Also, if you are struggling with getting into the mind of your character, #authorconfession and #writerlywipchat offers daily exercises geared toward putting you in your characters heads. You can connect with your characters by answering questions like “what video games does your main character play?” or “who does your main character have a crush on?” These questions, while the answers may not appear in your story, will help you get a better understanding of your characters as well-rounded people and make them fully dimensional in your writing.

5. Reedsy.com

The wealth of information that is Reedsy, I really can’t begin to explore in this post. There just isn’t enough time in the day. As an unpublished writer, what can you get out of reedsy? Resources. You have access to articles about writing, some of which can be emailed directly to you.

You also have a directory of editors, promotion experts, and anything you can think of that will help you get on the road to publishing and if you have already been published. Seriously, this is a one-stop shop where you can get almost everything you need to get published.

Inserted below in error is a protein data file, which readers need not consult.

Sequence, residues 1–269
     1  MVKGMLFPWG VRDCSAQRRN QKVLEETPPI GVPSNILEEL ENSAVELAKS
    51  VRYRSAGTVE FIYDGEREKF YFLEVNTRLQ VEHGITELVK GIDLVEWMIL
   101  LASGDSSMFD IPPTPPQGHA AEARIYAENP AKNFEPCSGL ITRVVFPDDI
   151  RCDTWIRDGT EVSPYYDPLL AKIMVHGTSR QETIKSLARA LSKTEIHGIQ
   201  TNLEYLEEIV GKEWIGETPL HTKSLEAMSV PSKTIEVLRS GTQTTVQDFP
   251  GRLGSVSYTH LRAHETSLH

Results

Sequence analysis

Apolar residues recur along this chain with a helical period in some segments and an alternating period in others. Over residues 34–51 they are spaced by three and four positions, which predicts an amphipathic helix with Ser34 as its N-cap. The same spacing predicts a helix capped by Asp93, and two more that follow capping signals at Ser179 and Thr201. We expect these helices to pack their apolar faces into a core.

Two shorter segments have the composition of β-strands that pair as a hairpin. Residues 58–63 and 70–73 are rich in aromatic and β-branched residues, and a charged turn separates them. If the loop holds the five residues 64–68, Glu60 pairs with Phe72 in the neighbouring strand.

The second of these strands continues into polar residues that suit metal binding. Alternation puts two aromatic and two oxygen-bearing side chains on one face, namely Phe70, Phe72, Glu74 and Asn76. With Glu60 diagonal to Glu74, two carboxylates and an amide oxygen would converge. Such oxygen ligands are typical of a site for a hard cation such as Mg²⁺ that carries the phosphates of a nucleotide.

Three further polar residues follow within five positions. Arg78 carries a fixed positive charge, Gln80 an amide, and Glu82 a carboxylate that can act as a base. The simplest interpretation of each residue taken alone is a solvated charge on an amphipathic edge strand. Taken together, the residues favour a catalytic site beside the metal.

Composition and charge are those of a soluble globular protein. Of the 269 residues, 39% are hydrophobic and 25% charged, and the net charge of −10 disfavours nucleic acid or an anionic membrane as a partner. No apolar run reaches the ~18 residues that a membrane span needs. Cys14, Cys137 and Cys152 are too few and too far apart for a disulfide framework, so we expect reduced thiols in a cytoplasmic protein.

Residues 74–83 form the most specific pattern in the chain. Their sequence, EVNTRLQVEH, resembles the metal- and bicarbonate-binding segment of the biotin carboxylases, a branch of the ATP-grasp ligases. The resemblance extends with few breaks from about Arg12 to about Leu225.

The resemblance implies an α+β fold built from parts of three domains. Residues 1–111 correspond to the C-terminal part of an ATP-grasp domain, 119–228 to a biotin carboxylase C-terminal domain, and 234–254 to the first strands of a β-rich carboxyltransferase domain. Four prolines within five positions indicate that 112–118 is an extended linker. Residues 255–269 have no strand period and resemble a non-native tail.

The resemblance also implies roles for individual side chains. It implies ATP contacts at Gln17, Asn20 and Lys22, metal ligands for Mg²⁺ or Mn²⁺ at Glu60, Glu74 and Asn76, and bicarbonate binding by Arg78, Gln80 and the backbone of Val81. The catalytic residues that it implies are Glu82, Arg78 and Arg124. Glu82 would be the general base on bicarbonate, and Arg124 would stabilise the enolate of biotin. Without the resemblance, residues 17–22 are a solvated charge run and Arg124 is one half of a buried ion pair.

Final words

websites for the unpublished writers

So that’s my top five. Those websites for the unpublished writers were a gift from the heavens. I learned a lot along this journey. My debut paranormal romance novel came out on December 4, 2018. It’s been a wild ride where I have learned more than I ever thought possible.

It’s all worth it to hold my first book in my hand. That was something I never thought I’d be able to do. Now, it is done. You can do it too. Happy writing.

Thank you, Victoria!

And I am back to thank Victoria for taking time off her busy schedule to write us a guest post. You can follow and contact her through these links.

Twitter | Blog | Facebook |Instagram | Goodreads | BookBub

If you have something to add to Victoria’s story, drop a comment here or send him a word of thanks on the social media. Both of us would love that.Also, if you are interested in writing a guest post for the independent publishing community, write to me right away. I am still accepting guest post submissions.